• Patrick W. Welch, Micromen, 2007, acrylic on panel, 3 x 5".
    picks March 13, 2007

    “The Micromentalists”

    If you’re going to be a Marxist these days, it’s best to do so with tongue firmly in cheek. And while you’re at it, why not go ahead and write an artist manifesto, another blast from the idealistic past? Patrick W. Welch and friends have done just that, inaugurating “The Micromentalist Manifesto” with this surprisingly enjoyable group show in two proximate venues—surprising because neither Marxism nor manifestos typically augur much of a good time. The premise of Micromentalism boils down to two basic points (though the manifesto is twenty items long): Great art can be small, and art should be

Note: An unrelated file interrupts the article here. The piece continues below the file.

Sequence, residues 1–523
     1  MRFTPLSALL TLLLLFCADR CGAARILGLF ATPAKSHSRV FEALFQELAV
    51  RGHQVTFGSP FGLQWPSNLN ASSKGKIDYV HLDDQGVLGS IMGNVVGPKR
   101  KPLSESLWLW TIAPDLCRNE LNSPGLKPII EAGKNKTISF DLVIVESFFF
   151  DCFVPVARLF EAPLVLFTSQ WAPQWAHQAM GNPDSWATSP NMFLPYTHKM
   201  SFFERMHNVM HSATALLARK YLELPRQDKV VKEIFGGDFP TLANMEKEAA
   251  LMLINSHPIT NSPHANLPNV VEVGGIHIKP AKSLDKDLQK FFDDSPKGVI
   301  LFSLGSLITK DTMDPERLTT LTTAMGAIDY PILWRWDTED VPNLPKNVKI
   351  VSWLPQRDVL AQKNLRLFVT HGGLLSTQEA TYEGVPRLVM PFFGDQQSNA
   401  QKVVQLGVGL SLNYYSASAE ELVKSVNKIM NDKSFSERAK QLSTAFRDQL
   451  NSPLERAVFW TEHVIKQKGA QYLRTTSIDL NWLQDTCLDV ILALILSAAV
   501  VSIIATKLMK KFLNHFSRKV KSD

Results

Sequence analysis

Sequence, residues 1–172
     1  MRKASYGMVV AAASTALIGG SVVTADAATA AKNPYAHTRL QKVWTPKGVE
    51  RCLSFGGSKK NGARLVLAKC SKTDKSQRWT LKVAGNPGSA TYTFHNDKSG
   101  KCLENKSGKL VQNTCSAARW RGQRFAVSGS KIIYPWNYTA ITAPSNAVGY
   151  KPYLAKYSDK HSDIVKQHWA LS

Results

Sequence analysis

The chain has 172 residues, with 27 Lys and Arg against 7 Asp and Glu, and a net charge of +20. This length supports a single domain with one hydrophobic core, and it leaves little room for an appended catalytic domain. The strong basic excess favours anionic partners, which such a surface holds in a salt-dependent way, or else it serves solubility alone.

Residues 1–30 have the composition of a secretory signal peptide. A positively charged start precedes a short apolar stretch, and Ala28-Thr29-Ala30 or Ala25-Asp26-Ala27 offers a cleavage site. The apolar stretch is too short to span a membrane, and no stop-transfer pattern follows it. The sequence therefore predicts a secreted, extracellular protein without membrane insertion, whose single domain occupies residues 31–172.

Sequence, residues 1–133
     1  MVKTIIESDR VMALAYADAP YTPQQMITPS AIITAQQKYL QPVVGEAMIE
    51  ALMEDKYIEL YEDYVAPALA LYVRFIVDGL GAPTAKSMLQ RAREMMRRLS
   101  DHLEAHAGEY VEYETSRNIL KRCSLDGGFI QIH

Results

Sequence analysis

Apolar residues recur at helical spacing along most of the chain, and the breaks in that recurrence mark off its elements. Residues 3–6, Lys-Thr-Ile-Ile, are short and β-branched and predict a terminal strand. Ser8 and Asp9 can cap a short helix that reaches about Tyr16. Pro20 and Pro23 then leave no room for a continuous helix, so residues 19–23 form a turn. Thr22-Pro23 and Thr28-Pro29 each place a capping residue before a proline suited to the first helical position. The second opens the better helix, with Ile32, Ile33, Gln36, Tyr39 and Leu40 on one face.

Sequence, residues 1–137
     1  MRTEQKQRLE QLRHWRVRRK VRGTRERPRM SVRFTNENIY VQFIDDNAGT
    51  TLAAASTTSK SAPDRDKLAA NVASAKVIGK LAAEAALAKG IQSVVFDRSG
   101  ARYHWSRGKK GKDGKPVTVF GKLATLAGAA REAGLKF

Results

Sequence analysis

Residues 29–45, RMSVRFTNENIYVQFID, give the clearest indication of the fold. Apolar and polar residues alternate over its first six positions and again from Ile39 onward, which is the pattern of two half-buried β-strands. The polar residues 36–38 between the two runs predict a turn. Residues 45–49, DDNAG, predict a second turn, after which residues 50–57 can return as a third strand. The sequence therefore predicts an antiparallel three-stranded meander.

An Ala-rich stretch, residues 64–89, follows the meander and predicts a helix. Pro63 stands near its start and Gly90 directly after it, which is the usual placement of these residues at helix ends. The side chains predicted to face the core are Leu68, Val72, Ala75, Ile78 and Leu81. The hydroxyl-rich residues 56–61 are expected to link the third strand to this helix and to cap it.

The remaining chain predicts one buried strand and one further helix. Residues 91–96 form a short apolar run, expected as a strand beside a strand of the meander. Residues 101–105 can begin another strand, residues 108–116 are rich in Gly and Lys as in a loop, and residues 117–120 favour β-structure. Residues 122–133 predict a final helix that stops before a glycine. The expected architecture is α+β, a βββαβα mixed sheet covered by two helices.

• James Lee Byars

    If James Lee Byars, one of Detroit’s finest artists, is seldom considered as a product of his hometown, much less of the United States, a comprehensive American exhibition of the peripatetic artist’s oeuvre has nevertheless long been overdue. Byars, who died in Cairo in 1997, produced his formative work in Japan and spent much of the rest of his life shuttling between Venice, Los Angeles, Bern, and many other places, living an idiosyncratic life-work that was part midwestern, part European, and part “Oriental,” as his sui generis Japanese-inspired aesthetic has often been called. A recent

  • The First Sports Meeting of the National Army, 1952, 2006.
    picks July 05, 2006

    Zhang Dali